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Obama calls on NCAA to examine football player safety

With legal challenges mounting to the football industry's regulation of player safety, a new figure who carries a big stick has weighed in on the issue: President Barack Obama.

In an interview with The New Republic, Obama called on the NCAA to address the growing concerns over head injuries:

"I tend to be more worried about college players than NFL players in the sense that the NFL players have a union, they're grown men, they can make some of these decisions on their own, and most of them are well-compensated for the violence they do to their bodies. You read some of these stories about college players who undergo some of these same problems with concussions and so forth and then have nothing to fall back on. That's something that I'd like to see the NCAA think about."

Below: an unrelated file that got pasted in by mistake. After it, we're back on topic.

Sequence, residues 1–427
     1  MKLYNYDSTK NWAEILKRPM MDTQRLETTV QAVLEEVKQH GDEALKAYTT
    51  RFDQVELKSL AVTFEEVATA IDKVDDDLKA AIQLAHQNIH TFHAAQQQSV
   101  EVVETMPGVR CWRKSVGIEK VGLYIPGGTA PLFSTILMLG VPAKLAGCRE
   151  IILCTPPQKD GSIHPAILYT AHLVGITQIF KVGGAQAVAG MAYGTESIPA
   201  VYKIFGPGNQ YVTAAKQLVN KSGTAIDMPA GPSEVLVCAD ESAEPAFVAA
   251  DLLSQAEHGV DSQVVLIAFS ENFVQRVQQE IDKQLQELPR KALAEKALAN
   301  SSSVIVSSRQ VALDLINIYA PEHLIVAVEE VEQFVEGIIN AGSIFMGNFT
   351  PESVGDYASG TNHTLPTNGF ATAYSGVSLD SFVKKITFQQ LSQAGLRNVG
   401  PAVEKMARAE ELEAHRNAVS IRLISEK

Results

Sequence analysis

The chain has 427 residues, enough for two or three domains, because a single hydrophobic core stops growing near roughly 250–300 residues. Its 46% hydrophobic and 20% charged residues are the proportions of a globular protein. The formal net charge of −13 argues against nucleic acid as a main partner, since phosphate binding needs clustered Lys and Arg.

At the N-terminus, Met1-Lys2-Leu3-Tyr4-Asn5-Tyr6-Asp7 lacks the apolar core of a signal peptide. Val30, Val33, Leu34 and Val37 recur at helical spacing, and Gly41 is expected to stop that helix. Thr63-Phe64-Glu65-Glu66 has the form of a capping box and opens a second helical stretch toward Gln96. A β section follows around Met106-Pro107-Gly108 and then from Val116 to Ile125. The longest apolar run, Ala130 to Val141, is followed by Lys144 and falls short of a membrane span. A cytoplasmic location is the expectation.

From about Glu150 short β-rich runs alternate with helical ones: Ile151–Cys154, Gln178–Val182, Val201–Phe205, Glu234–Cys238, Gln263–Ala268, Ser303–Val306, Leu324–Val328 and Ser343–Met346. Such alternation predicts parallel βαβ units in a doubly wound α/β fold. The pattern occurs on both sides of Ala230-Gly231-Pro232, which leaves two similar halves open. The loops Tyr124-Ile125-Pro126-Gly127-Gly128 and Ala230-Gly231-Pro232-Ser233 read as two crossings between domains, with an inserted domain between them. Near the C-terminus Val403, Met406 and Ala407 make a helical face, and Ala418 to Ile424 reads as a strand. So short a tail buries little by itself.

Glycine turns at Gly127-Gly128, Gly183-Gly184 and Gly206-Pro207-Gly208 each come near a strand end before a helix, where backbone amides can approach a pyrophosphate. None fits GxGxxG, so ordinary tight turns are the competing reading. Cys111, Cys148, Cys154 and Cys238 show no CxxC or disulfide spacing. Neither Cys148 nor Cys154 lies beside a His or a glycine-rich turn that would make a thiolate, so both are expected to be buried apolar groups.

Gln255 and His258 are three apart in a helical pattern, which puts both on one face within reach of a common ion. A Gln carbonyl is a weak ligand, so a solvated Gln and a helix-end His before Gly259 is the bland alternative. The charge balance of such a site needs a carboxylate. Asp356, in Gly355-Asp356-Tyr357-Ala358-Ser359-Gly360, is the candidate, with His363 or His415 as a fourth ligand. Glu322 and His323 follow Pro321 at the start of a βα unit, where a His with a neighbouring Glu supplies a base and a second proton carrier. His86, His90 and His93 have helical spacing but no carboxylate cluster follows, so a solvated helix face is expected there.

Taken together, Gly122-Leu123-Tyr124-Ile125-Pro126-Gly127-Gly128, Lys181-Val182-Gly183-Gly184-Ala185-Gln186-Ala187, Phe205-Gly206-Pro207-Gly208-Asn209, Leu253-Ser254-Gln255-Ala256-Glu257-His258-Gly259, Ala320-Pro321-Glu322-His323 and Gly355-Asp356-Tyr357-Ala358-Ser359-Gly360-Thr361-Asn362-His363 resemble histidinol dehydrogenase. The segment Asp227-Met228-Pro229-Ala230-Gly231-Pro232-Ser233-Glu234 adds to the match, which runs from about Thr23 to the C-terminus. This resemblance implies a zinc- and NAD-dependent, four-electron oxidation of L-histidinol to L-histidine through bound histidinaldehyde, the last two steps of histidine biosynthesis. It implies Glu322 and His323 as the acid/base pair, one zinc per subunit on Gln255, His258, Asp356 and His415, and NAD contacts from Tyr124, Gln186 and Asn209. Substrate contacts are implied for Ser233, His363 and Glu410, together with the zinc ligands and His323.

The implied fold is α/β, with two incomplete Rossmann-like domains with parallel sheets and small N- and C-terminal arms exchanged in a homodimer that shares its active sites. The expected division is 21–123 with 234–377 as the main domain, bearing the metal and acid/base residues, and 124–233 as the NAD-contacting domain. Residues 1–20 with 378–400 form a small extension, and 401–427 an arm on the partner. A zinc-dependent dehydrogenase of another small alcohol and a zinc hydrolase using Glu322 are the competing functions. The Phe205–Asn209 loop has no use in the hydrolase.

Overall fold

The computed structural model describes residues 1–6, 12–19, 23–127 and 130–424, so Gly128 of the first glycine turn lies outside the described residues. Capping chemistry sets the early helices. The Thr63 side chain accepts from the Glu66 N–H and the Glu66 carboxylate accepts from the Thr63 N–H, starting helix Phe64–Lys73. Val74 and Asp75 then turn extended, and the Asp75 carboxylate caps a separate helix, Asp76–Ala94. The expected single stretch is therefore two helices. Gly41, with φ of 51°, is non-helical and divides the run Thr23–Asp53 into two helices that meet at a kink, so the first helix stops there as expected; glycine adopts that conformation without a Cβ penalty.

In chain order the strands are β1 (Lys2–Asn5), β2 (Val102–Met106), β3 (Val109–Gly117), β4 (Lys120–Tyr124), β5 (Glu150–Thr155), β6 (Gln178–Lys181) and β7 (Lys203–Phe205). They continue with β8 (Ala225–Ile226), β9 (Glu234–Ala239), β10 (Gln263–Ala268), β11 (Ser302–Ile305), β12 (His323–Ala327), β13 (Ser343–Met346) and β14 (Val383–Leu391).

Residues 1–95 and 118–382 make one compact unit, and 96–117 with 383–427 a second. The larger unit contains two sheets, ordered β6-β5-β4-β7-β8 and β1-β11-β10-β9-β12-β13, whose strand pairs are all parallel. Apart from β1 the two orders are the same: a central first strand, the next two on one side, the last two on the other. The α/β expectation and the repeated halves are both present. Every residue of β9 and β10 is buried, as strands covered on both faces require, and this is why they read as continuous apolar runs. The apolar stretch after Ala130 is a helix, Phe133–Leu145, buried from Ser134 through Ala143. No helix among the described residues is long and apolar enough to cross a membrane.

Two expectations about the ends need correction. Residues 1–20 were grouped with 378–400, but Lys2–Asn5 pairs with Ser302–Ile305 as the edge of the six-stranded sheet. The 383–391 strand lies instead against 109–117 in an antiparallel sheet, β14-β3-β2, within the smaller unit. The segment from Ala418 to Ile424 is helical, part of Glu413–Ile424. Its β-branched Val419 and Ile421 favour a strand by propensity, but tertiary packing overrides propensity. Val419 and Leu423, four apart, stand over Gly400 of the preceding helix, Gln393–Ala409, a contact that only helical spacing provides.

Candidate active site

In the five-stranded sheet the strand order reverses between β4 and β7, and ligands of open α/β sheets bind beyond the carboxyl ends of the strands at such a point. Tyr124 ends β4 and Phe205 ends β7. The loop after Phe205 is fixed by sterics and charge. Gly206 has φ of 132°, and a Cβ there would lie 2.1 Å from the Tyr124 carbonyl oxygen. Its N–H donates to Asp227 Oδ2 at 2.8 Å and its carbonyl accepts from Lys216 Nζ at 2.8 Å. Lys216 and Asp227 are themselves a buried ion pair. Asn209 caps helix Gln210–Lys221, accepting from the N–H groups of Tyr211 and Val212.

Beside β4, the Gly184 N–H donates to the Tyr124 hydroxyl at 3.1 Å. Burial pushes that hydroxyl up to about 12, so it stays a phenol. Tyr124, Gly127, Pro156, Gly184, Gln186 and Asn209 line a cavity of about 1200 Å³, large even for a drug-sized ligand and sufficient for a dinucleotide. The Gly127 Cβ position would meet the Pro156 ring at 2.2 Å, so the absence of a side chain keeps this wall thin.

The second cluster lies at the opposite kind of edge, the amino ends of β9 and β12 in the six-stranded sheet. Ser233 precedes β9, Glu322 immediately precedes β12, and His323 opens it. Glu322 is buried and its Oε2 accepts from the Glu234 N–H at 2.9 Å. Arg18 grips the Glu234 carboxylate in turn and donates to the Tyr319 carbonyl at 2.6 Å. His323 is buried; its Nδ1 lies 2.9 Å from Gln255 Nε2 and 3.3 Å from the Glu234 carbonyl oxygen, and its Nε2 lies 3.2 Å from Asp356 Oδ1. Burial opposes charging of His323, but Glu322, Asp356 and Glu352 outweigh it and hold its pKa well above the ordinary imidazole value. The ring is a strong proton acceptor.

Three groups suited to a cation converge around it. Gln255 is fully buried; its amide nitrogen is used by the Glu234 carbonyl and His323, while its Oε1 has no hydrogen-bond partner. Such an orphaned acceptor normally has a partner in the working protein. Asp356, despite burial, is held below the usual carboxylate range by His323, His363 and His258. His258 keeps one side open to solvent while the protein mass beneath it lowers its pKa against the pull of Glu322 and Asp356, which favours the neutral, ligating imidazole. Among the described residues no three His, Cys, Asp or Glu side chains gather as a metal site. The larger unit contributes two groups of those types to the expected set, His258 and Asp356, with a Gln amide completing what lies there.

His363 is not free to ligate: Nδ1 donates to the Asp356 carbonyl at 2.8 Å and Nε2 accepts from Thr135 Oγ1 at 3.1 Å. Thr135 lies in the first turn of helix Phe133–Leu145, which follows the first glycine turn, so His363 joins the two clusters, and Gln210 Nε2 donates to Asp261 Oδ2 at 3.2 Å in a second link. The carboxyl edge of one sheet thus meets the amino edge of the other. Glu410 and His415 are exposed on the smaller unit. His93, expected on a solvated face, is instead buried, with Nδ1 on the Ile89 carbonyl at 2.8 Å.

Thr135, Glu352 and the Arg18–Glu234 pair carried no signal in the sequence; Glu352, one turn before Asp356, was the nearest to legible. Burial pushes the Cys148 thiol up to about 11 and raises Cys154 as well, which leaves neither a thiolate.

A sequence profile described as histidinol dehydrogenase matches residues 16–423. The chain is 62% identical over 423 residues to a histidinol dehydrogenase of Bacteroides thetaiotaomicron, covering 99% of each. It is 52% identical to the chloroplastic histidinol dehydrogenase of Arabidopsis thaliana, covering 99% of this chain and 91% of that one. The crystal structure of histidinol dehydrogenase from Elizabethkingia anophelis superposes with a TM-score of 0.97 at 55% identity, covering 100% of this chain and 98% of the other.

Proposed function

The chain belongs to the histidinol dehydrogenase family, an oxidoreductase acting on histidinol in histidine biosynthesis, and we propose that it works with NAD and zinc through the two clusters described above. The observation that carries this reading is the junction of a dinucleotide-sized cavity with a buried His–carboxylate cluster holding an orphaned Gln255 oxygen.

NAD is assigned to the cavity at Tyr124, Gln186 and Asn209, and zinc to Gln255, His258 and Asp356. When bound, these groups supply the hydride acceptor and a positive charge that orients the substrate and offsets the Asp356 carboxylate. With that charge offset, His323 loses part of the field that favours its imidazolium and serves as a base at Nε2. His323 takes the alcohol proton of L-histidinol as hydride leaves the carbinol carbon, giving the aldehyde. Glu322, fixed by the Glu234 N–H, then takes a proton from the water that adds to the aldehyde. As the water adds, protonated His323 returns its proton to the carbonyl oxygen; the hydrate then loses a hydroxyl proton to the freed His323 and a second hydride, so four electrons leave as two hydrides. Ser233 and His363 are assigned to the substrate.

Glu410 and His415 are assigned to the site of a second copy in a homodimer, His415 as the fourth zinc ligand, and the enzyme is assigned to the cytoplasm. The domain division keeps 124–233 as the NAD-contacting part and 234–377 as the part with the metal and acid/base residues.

These kinds of public remarks from the Oval Office often serve as a proverbial "shot across the bow" to stakeholders. Whether or not Obama would actually get involved with mandating changes to player-safety regulations is anybody's guess. Chances are, however, that the powers that be who run college football would prefer to drive their own reforms before the federal government decides to take charge.

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